Last updated
Landsknechte, etching by Daniel Hopfer, c. 1530 Landsknechte.jpg
Landsknechte, etching by Daniel Hopfer, c. 1530

The Landsknecht, (pronounced [ˈlantsknɛçt] ), plural: Landsknechte, were mercenary soldiers who became an important military force through late 15th- and 16th-century Europe. Consisting predominantly of German mercenary pikemen and supporting foot soldiers, they were the universal mercenaries of early modern Europe, sometimes fighting on both sides of a conflict.

Infantry military service branch that specializes in combat by individuals on foot

Infantry is a military specialization that engages in military combat on foot, distinguished from cavalry, artillery, and tank forces. Also known as foot soldiers or infanteers, infantry traditionally relies on moving by foot between combats as well, but may also use mounts, military vehicles, or other transport. Infantry make up a large portion of all armed forces in most nations, and typically bear the largest brunt in warfare, as measured by casualties, deprivation, or physical and psychological stress.

Early modern Europe period in the history of Europe which spanned the centuries between the end of the Middle Ages and the beginning of the Industrial Revolution, roughly the late 15th century to the late 18th century

Early modern Europe is the period of European history between the end of the Middle Ages and the beginning of the Industrial Revolution, roughly the late 15th century to the late 18th century. Historians variously mark the beginning of the early modern period with the invention of moveable type printing in the 1450s, the Fall of Constantinople in 1453, the end of the Wars of the Roses in 1487, the beginning of the High Renaissance in Italy in the 1490s, the end of the Reconquista and subsequent voyages of Christopher Columbus to the Americas in 1492, or the start of the Protestant Reformation in 1517. The precise dates of its end point also vary and are usually linked with either the start of the French Revolution in 1789 or with the more vaguely defined beginning of the Industrial Revolution in late 18th century England.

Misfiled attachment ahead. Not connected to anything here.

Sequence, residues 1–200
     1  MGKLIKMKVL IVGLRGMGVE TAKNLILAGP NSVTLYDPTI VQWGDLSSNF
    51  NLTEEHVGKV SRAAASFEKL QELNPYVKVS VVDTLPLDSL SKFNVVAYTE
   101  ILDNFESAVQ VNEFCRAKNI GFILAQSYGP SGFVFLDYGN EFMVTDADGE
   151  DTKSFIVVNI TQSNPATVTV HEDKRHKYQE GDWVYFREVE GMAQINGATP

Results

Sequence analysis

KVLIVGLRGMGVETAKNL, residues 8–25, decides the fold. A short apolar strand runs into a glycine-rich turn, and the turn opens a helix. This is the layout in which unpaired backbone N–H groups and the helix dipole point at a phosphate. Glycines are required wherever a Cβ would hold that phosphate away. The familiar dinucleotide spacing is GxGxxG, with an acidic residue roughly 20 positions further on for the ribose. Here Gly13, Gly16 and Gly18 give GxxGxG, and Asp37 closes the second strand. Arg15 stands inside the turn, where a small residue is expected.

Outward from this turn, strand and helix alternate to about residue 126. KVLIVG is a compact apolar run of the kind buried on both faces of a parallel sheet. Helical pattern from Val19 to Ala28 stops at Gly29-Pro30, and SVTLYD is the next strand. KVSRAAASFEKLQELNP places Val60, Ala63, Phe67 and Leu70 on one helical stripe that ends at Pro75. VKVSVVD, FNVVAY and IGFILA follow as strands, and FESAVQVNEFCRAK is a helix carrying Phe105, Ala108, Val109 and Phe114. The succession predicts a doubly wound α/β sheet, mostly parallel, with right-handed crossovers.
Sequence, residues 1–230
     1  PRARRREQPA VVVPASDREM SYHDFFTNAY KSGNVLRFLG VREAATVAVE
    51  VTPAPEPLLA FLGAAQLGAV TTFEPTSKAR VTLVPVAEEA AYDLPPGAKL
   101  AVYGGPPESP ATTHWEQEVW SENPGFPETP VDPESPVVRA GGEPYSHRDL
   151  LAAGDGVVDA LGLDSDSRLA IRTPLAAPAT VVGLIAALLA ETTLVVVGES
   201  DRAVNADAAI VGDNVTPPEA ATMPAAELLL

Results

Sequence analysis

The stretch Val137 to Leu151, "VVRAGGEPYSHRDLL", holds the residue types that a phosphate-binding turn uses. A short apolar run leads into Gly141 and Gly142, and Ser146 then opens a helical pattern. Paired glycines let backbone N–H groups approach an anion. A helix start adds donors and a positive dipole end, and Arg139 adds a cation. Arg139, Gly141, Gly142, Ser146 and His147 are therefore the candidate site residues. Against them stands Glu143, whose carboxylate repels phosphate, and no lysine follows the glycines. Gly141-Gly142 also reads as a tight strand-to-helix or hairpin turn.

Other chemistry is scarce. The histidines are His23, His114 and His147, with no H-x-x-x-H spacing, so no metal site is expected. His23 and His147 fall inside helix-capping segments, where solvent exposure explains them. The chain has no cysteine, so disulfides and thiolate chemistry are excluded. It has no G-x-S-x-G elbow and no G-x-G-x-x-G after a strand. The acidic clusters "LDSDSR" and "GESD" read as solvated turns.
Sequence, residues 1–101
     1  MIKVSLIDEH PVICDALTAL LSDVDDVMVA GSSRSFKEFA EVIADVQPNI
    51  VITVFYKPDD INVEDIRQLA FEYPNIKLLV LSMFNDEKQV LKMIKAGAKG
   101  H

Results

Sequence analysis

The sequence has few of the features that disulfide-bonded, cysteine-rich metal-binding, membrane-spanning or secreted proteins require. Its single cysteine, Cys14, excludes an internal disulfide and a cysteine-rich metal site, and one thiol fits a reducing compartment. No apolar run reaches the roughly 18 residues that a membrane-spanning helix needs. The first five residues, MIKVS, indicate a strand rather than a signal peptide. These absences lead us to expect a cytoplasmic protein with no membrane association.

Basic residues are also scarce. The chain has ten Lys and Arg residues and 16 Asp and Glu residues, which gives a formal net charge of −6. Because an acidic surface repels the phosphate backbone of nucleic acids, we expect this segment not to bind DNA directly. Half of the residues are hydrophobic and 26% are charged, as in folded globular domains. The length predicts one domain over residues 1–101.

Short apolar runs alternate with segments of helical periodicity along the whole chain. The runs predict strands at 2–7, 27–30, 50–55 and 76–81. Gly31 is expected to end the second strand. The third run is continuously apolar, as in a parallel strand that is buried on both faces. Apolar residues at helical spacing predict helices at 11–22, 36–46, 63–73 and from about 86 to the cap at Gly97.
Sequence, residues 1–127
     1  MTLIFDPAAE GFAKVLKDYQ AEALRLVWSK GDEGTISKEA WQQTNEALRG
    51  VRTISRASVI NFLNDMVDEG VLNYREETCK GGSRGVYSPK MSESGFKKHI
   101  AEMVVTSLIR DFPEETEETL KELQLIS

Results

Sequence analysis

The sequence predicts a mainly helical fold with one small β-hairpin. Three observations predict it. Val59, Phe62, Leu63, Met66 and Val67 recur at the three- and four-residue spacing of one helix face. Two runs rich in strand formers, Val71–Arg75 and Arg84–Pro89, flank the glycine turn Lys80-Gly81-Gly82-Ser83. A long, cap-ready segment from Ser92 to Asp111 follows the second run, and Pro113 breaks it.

Image of Landsknechts in the "Geschichte des Kostums" Geschichte des Kostums (1905) (14761439186).jpg
Image of Landsknechts in the "Geschichte des Kostüms"

The Germanic compound Landsknecht (earlier Lantknecht, without Fugen-"s") combines Land and Knecht to form "servant of the land." [1] [2] The compound Lantknecht was used during the 15th century for bailiffs or court ushers.

Bailiff manager, overseer or custodian

A bailiff is a manager, overseer or custodian; a legal officer to whom some degree of authority or jurisdiction is given. Bailiffs are of various kinds and their offices and duties vary greatly.

A court usher is a position in a law court. Tasks generally performed by court ushers involve escorting participants to the courtroom, and seeing that they are suitably hydrated, as well as ensuring the secure transaction of legal documents within the courtroom and deciding the order of cases. The roles of an usher may vary with the type of court they serve. In Scottish courts the position is called "court officer" or "bar officer" or, for the higher courts, the "macer".

The word Landsknecht first appeared in the German language circa 1470 to describe certain troops in the army of Charles, Duke of Burgundy. As early as 1500, the term was morphed into Lanzknecht, referring to the unit's use of the pike as its main weapon. [3]

German language West Germanic language